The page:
The new holster from Comp-Tac had arrived during the week so I was finally able to get in some live fire drawing practice with the new gun. During my dry fire this week I had noticed that my grip on the draw was somewhat different than my previous set up, so I experimented with adjustments to my hand position. As the session went on, I could see corresponding improvement.

The range time started with draw practice at 7 yards to work on that grip and getting on target. I also did some one-handed shooting, something I will continue to repeat each range visit. A bit of shooting on the move finished up the opening salvos.

Feeling good, it was time to move back to 15 yards. This is my favorite practice distance of late. It's beyond where I can see the target clearly, so it provides a decent challenge. I shot at least 50 rounds focusing on hitting the head section of the IDPA target. With attention to grip and trigger pull I was putting most of them pretty well-centered. (If only I could that combine that accuracy with match speed...) The rest of the time was spent firing multiple shots into the body and head areas in combination strings of fire. The shooter on the next bay was also shooting rapid strings, so I took advantage of lack of "overseers" and followed suit.

This was the first "real" shooting I've gotten to do with the SIG P320. That makes 750 rounds through the gun. I admit it, I simply enjoy shooting, and doing it with a new gun is a special treat. On top of all that, it was a most pleasant morning to be outside on the range. Despite being "off" from the day job, my phone alerted me to a message from our CIO. I returned his call, leaving a voice message in return. Of course gun fire started up from the neighboring bay while I was leaving my message. It may be an interesting conversation when we talk next week.

And that's a wrap

Friday, April 14, 2017

Limbo


The ancient greyness shifted suddenly and thinned like mist upon the moors before a wind.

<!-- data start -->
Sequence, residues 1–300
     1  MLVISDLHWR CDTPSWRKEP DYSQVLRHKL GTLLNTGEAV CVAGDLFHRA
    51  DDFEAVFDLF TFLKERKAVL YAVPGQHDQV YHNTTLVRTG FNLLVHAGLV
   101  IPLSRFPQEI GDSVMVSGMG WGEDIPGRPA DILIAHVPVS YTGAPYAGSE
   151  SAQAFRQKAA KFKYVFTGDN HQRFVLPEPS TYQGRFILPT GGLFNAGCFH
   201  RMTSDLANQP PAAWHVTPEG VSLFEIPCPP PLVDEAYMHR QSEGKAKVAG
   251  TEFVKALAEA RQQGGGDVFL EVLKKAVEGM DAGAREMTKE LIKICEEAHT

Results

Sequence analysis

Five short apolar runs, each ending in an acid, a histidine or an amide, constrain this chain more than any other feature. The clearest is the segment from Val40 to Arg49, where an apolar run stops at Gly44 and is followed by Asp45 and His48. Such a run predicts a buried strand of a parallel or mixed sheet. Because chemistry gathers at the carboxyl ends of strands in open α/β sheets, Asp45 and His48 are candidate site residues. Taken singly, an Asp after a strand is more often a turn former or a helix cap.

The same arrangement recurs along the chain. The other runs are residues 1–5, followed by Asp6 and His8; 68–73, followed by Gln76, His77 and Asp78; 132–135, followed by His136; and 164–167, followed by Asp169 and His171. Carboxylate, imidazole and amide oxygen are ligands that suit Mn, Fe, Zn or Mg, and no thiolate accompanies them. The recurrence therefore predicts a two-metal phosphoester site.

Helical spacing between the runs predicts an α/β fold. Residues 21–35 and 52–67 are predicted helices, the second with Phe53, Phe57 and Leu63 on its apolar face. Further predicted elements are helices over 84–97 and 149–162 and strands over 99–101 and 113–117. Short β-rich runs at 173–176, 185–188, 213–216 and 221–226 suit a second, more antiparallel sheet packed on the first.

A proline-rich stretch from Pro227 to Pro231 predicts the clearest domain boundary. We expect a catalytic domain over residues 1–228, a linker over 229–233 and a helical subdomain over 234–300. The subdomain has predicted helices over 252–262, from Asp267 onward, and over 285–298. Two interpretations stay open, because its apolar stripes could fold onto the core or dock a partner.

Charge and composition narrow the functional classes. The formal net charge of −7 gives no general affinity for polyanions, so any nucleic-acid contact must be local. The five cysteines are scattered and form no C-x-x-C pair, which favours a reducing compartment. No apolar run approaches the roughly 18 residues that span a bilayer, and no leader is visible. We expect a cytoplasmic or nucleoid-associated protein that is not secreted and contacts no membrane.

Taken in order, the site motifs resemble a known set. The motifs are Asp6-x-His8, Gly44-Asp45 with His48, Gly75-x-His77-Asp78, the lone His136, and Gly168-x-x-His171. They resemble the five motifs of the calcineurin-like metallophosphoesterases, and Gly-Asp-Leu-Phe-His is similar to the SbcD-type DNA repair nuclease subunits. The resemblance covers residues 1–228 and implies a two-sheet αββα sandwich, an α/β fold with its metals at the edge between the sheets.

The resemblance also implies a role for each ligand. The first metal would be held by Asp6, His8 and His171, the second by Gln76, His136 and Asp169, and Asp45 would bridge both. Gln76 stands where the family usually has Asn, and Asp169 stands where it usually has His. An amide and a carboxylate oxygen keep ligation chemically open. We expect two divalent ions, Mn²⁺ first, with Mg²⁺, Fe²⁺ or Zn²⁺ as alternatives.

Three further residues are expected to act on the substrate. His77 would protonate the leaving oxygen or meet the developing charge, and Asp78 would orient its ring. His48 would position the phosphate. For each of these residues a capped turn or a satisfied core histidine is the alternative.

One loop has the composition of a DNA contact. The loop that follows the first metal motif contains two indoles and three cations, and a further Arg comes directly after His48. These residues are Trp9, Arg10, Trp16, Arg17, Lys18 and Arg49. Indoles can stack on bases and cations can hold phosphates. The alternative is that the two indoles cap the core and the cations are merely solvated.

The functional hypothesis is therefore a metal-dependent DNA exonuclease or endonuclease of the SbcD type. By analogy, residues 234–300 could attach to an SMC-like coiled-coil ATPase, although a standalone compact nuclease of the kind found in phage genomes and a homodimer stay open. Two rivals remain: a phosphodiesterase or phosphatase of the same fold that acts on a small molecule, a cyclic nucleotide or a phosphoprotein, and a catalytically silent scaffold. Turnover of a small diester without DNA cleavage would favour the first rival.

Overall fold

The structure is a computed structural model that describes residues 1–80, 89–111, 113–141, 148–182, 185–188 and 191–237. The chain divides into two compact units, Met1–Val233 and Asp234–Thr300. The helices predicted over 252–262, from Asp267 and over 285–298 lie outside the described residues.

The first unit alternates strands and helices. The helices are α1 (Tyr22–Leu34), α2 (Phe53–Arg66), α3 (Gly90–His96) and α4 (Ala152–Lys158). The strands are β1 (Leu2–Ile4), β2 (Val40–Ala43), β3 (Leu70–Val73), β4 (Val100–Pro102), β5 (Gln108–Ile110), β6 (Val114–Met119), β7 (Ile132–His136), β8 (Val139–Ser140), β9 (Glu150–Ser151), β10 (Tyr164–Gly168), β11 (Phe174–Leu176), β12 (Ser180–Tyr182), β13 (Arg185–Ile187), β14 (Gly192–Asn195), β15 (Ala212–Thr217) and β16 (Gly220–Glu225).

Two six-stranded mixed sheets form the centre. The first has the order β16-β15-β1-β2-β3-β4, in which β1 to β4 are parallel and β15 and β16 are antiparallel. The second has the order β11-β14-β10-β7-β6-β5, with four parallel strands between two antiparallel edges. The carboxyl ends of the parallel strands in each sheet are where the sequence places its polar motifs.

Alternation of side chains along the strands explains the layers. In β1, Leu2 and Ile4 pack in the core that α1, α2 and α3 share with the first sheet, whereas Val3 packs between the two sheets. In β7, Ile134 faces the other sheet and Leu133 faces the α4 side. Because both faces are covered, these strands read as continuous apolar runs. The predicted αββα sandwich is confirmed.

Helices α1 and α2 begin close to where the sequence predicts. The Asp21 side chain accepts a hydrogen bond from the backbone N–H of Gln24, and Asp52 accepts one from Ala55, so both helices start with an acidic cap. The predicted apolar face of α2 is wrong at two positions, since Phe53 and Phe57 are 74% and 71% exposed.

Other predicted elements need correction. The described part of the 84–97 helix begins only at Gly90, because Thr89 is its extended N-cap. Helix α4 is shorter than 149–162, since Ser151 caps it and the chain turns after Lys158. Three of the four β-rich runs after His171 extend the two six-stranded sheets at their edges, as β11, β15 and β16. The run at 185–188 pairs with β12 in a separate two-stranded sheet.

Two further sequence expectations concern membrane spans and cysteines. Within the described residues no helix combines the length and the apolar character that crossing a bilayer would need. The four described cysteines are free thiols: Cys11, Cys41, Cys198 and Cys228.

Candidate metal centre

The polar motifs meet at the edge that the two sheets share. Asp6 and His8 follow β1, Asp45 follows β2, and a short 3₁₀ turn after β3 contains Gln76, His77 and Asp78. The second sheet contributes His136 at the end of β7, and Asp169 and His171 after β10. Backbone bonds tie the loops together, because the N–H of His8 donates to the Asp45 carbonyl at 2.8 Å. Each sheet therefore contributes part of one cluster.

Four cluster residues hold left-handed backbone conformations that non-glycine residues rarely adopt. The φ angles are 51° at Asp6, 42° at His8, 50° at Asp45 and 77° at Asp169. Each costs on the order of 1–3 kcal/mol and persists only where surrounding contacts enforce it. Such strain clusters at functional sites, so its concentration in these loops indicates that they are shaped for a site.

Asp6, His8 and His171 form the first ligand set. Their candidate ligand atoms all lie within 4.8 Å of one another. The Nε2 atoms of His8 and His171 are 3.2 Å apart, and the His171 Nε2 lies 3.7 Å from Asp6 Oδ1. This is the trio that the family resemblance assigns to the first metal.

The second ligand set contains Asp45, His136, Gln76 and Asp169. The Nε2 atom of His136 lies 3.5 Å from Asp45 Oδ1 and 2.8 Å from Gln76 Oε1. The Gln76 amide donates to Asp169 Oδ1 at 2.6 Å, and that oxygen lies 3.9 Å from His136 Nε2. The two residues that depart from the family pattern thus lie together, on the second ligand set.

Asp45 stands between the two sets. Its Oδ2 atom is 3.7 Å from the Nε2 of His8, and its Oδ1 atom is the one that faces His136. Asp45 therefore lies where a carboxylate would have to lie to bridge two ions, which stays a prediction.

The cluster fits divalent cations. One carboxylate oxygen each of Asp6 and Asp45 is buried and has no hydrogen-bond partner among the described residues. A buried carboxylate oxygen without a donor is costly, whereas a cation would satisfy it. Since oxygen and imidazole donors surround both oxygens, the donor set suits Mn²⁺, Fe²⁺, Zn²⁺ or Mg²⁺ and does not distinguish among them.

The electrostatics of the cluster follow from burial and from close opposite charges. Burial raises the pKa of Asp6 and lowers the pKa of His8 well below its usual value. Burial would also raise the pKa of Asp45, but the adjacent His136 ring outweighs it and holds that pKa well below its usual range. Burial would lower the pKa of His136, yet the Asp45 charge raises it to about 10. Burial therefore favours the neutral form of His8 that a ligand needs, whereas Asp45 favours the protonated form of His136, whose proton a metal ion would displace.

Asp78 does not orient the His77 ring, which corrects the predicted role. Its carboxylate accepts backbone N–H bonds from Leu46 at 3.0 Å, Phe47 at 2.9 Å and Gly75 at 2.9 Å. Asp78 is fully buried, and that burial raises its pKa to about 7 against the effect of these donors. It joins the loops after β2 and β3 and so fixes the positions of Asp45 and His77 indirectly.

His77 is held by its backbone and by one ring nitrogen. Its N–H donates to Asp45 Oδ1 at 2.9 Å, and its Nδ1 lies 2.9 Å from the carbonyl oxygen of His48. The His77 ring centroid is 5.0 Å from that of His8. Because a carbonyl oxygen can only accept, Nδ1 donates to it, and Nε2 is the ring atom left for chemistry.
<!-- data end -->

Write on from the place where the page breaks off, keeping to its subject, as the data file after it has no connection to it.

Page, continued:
An old, old prophet lifted a shining face and said:

“He will be coming soon. The Son of God is dead; He died this afternoon.”

A murmurous excitement stirred all souls. They wondered if they dreamed

save one old man who seemed not even to have heard.

And Moses, standing, hushed them all to ask if any had a welcome song prepared.

If not, would David take the task?

And if they cared could not the three young children sing the Benedicite,

the canticle of praise they made when God kept them from perishing in the fiery blaze?

A breath of spring surprised them, stilling Moses’ words.

No one could speak, remembering the first fresh flowers, the little singing birds.

Still others thought of fields new ploughed or apple trees all blossom-boughed.

Or some, the way a dried bed fills with water laughing down green hills.

The fisherfolk dreamed of the foam on bright blue seas.

The one old man who had not stirred remembered home.

And there He was, splendid as the morning sun and fair as only God is fair.

And they, confused with joy, knelt to adore

Seeing that He wore five crimson stars He never had before.

No canticle at all was sung. None toned a psalm, or raised a greeting song,

A silent man alone of all that throng found tongue — not any other.

Close to His heart when the embrace was done, old Joseph said,

“How is Your Mother, How is Your Mother, Son?”
-- Sister Mary Ada

Wednesday, April 12, 2017

Back to the Range

I escaped for another lunch-time outing at the indoor range on Tuesday. Approaching the range I noticed a number of Sheriff's department vehicles at the end of the street. Hmm, that might not be good. Fortunately they seemed to be concentrated around the business next door. The range itself was devoid of patrons, just the way I like it. Only one other shooter came in while we were there.

On this trip I was accompanied by a coworker who was having trouble shooting his new M&P Shield. What I saw was the classic "low and left." I offered some free advice and then set out to work on my own shooting.



I took along some B-34 silhouette targets, also known as the "ISIS Shooting Drill." Rolling the target out to 15 yards, the order of the day was slow aimed fire. I found I was pulling my shots directly to the left a bit, only slightly but certainly noticeable at that distance. (And I do find anything "left" to be especially offensive.) If I had been shooting at an IPDA or USPSA target, all would be well, but the small scoring rings on this target makes the shift stand out. At the same time, if I really slowed, I could keep them all in the 4" head area. 

As usual, it was a pleasant diversion from work. Another 150 rounds was put through the new SIG P320, and I'm still quite pleased with how the weapon shoots.